Massive Increases in Cost of Health Care Coverage in NJ


An expected 21% increase in the cost of health care coverage for government employees and 15% for school employees.

As the pandemic and global inflation continue to wreak havoc on municipal budgets, a bipartisan group of Morris County mayors assembled at Morris Township Town Hall last week to call on State lawmakers to soften the latest fiscal crisis: a 21% increase in the cost of health care coverage for government employees and 15% for school employees.

The substantial premium increases of over 20 percent proposed for State Health Benefits Program participants is yet another burden taxpayers and public employees will be left to carry and will leave many towns grappling with the potential for layoffs, the cancelation of important public projects, and/or tax increases,” said Mayors Mark Gyorfy (Morris Township), Bob Conley (Madison), Thad Kobylarz (Chatham Borough), Ashley Felice (Chatham Township), Tim Dougherty (Morristown), Jason Karr (Morris Plains) in a joint statement.

The bipartisan group of mayors included Bob Conley of Madison, Thad Kobylarz of Chatham borough, Ashley Felice of Chatham Township, Tim Dougherty of Morristown, Jason Karr of Morris Plains, and Carolyn Blackman of Dover.

With a record $6.8 billion surplus in this year’s state budget, we, as representatives of over 80,000 southeast Morris residents and 700 public employees, call upon lawmakers in Trenton to provide stability and relief by a reducing the proposed premium increases to our public health benefits,” The statement continued.

New Jersey public employees – members of the State Health Benefits Program and School Employees Health Benefits Program – are the largest insurance group in the state with 816k active and retired members and their dependents.

Five unions of state government employees made deals with the Murphy Administration in September requiring them to only pay a 3% increase, with taxpayers covering the remaining 18%. However, it is currently unclear how local and county governments will split the rate hike between taxpayers and eligible employees.

Mayor Ashley Felice of Chatham Township estimated that municipal employees and retirees in Chatham Township will see premiums increase by 19.7%.

"I feel for our employees, who are impacted the most," Mayor Felice said. "Increases of this size are not something people typically anticipate or plan for. And when you couple this with the already out of control inflationary environment impacting them at the grocery store, gas station, etc. it has a snowball effect."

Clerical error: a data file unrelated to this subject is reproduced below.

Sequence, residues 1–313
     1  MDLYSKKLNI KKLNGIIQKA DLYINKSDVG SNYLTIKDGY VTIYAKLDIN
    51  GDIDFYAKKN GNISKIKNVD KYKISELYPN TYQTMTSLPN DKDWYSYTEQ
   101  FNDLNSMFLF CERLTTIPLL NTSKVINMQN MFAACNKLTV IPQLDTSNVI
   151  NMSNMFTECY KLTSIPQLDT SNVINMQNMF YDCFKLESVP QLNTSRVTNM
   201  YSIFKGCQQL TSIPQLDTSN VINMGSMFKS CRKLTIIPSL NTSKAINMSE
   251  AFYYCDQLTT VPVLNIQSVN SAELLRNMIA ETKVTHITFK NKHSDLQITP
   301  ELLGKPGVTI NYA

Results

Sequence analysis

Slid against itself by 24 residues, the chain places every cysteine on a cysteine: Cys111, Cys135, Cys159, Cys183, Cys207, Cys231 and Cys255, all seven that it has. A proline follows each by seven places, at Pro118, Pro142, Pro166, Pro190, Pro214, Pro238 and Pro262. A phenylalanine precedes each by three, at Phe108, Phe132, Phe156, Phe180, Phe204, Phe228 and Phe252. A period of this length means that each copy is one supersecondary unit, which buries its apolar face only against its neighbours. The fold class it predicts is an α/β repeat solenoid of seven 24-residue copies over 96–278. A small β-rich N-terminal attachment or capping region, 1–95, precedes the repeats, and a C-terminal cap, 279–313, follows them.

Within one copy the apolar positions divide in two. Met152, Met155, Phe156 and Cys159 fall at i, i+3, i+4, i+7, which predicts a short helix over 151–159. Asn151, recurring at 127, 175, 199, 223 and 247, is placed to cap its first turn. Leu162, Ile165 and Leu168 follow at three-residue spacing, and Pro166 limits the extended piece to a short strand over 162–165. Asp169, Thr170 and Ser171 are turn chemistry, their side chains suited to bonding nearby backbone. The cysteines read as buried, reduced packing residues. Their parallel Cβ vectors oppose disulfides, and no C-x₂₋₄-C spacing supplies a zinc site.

Multiple Morris County Mayors reported that due to union contracts, the taxpayers will bear the brunt of the cost increase. The taxpayer tab in Morris Township, according to Morris Township Mayor Mark Gyorfy, will be $794k in 2023 – coupled with a $215k increase for public employees.

"If we were to raise property taxes next year to the 2% tax cap imposed by the state, it would net us a little over $450,000," Morris Township Mayor Mark Gyorfy said. "That's less than half of our shortfall. Towns like Morris Township aren't going to have many options and they'll be forced to consider hiring freezes, pauses on public investments, layoffs and tax increases."

"It really resonated to me that I'm going to give my employees a raise, but they're going to take home less money," Dougherty of Morristown said.

Mayor Thad Kobylarz of Chatham borough said Chatham Borough has already taken steps toward reducing costs, including a program that offers a cash incentive to employees who switch to lower-cost health plans.

This would not eliminate the overall cost increase, but would at least mitigate the heavy impact to Chatham Borough,” Mayor Kobylarz said.

The mostly part-time Morris County mayors usually rely on the New Jersey League of Municipalities and the New Jersey Conference of Mayors to engage directly with lawmakers and the Murphy administration.

Mayor Bob Conley of Madison, also a member of the NJ Conference of Mayors executive board, said it’s “a number 1 priority” for the organization “every day in Trenton.”

"When they worked out a deal with the state employees, we were hoping to hear shortly after 'here's what we can do for the municipalities,'" Mayor Conley said. "That's what we're looking for now."

While Morris County has made a voice for itself in fighting these increases in the cost of health plans, the problem is not just local, “it’s a statewide problem,” said Mayor Gyorfy.

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